CHECKLIST LIBERALISM AND SOCIAL DEMOCRACY….Mark Schmitt hopes that the Lieberman-Lamont race spells the beginning of the end of “checklist liberalism”:

For the enviros, it?s ANWR (the most trivial of victories, but the one that raises the money). For the minorities, affirmative action. (Likewise, of minor relevance to the actual structure of economic opportunity for most African-Americans and Latinos.) For women, it?s all about ?preserve abortion rights.? There are a couple others, but those are the basic buttons you press to be credentialed as a good liberal Democrat. After you press them, you can do whatever you want.

Mark says that Lieberman has been pushing all the right buttons but he’s losing anyway. And that’s a good thing: “What if all of a sudden you couldn?t count on Democratic women just because you said that right things about choice ? what if they started to vote on the whole range of issues that affect women?s economic and personal opportunities?”

Henry Farrell offers a different, but complementary observation:

Where netroots bloggers are playing an unique role is changing the way that this is being framed in the national political debate. They?ve made the Lamont insurgency into an attack on the shibboleth of bipartisanism….The fact that guys like David Broder and Morton Kondracke view this as an attack on the tradition of cosy bipartisanship (and their source of authority in the punditocracy) isn?t an accidental outcome, nor is it something that would likely have happened if there hadn?t been blogs pushing this message (and getting read by reporters and editorialists) over a considerable period of time.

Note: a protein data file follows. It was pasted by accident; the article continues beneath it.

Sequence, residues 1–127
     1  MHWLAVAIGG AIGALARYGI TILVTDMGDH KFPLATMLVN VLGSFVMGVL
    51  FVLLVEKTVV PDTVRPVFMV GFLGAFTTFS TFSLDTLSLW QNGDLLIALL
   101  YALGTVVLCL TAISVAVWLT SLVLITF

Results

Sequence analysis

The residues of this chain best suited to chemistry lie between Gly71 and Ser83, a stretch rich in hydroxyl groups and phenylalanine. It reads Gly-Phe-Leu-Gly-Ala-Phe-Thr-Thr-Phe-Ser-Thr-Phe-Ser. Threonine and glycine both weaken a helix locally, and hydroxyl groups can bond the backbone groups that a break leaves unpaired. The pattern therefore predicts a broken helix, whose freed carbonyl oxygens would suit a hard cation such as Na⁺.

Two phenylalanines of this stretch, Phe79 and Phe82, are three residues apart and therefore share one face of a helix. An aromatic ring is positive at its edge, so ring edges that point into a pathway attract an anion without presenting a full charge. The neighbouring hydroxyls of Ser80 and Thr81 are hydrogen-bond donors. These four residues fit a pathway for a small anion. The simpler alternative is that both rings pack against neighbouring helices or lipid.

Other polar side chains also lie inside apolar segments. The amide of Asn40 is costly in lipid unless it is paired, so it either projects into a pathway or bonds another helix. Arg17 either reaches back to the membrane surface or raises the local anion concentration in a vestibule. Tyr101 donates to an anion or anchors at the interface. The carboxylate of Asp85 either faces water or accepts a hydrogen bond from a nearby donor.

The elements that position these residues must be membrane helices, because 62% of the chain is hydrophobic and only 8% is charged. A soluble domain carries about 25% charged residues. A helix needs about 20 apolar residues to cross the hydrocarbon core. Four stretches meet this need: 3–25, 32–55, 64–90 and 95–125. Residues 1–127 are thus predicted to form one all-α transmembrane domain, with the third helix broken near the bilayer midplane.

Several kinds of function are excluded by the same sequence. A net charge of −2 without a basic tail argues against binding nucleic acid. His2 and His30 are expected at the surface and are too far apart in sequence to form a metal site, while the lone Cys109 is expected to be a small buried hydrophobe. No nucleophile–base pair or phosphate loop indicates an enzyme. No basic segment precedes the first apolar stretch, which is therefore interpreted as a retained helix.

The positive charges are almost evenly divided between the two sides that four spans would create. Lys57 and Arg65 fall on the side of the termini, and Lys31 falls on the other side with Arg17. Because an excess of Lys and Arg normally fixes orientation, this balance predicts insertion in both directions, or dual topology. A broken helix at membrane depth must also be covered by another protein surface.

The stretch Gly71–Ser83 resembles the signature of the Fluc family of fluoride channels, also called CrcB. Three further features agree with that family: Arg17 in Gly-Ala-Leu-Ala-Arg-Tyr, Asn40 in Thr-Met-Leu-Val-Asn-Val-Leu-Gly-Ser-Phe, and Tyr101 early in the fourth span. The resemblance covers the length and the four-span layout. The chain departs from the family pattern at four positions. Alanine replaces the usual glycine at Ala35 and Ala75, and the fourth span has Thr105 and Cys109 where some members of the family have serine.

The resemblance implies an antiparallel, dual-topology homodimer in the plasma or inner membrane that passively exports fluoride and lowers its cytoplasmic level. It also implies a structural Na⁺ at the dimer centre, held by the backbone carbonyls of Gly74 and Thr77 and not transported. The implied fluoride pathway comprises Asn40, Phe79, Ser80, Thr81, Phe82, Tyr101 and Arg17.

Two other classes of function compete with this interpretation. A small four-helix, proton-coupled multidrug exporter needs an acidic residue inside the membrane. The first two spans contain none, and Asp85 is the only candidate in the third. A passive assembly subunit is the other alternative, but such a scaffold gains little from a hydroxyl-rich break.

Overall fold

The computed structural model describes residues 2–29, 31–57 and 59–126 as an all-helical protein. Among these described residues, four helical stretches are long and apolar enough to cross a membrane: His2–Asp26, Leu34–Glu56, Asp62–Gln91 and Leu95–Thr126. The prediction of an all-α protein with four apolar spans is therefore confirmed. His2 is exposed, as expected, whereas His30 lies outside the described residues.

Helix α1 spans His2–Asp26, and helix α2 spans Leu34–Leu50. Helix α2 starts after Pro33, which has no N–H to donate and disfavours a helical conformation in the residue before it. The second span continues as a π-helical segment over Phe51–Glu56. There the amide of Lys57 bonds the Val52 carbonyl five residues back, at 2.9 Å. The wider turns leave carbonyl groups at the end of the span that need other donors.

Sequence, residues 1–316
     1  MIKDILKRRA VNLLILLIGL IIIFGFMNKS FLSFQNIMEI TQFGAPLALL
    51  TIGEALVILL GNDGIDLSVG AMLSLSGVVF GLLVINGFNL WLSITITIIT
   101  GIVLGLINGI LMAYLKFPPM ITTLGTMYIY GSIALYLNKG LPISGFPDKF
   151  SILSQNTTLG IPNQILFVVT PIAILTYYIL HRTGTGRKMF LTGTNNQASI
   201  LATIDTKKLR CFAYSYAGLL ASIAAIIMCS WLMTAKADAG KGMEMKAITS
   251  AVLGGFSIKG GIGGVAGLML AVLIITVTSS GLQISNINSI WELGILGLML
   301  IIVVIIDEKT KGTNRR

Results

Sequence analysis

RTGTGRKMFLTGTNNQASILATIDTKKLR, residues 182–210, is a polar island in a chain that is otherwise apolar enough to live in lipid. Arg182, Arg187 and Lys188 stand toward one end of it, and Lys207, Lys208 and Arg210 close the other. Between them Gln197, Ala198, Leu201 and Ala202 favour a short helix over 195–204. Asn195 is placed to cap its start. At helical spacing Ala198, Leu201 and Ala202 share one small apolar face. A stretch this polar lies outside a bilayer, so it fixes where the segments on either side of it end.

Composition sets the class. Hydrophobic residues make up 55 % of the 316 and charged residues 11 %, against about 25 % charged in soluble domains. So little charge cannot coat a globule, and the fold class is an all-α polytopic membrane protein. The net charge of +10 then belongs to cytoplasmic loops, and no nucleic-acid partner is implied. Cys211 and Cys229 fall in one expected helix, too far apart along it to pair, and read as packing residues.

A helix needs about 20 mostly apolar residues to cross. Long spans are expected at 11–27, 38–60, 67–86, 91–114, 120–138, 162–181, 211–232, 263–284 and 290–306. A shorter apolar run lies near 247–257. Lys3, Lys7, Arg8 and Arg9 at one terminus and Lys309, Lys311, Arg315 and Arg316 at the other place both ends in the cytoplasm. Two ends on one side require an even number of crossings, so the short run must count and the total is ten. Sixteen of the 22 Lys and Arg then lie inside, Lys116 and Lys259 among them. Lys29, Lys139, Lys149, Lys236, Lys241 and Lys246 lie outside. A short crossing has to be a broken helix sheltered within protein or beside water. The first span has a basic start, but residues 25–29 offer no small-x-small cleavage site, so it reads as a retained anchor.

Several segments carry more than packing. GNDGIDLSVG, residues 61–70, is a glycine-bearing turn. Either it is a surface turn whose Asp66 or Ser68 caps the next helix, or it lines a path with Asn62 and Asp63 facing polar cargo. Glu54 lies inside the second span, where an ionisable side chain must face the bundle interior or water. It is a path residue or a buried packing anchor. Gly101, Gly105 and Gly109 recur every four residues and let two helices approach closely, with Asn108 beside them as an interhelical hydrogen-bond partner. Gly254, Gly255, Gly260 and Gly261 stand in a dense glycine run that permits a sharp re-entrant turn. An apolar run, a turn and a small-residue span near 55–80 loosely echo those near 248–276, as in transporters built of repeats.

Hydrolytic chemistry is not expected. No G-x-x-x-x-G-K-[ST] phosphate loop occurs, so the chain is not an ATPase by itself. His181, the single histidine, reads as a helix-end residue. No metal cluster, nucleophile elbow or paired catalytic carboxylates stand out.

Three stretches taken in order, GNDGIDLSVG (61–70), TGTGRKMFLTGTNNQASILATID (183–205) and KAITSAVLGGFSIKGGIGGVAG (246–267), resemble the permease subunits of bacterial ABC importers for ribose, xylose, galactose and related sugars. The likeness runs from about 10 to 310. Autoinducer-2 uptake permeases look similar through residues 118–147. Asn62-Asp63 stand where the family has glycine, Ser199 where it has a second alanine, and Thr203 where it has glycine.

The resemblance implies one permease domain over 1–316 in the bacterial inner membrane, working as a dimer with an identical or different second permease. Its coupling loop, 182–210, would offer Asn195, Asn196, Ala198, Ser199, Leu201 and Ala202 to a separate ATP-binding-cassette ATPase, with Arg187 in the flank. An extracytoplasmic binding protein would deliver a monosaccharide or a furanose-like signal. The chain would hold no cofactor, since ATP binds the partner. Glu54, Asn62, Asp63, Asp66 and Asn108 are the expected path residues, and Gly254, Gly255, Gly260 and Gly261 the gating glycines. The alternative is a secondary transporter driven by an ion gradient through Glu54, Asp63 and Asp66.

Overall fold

If both these guys are right (and only time will tell if they are), it basically suggests an explicit turn to a European parliamentary model of party governance without the formal structure of an actual parliamentary system. Democrats take on the role of a social democratic party with a broader agenda than just pleasing a small core of interest groups, but the flip side is that loyalty to that agenda is more-or-less absolute. The idea that you sometimes cross party lines to work with the opposition goes from being a sign of grace to being literally unthinkable.

Is this good or bad? I haven’t made up my mind. But we’re about 90% of the way there anyway, and it may be that the final 10% isn’t really that big a deal. And if Mark is right that a broader concern for social democratic policies is one outcome of this, it would be well worth it.

I’m not quite sure that will be the case, though. But I hope he’s right.

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